What are the problems when it comes to customs and transporting instruments and merchandise?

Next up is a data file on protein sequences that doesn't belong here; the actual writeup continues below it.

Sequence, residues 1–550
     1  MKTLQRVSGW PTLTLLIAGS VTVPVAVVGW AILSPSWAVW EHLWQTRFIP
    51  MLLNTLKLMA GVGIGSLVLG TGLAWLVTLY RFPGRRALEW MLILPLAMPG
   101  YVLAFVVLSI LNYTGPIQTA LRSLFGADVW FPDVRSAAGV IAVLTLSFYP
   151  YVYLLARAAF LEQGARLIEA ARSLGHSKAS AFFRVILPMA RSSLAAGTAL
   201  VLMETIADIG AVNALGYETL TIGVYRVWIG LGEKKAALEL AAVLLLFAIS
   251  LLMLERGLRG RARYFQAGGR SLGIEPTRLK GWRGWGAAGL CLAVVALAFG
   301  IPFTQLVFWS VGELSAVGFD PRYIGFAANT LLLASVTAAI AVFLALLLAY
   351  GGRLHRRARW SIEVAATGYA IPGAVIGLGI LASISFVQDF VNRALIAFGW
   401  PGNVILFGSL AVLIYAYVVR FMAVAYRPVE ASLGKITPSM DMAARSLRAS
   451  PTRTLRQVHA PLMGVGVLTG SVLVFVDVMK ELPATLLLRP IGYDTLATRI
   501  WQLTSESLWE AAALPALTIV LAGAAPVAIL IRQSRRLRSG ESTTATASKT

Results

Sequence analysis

Within the EU customs union, musical instruments and merchandise can generally be transported without any customs formalities. When leaving the EU customs union and importing goods into another customs territory, they might be subject to import duties, for example, when selling merchandise in Switzerland. For a temporary export of goods such as musical instruments that are used on tour, customs formalities can be reduced with a document called Carnet ATA. If you intend to travel with musical instruments that include parts made out of protected or endangered species outside of the EU, you need specific CITES documents. Contact the Federal Agency for Nature Conservation for more information. General information on the topic can be found on the touring artists website and the Pearle guide for musicians and ensembles travelling with musical instruments containing protected species. The International Federation of Musicians published a ranking of airlines regarding their treatment of musical instruments.
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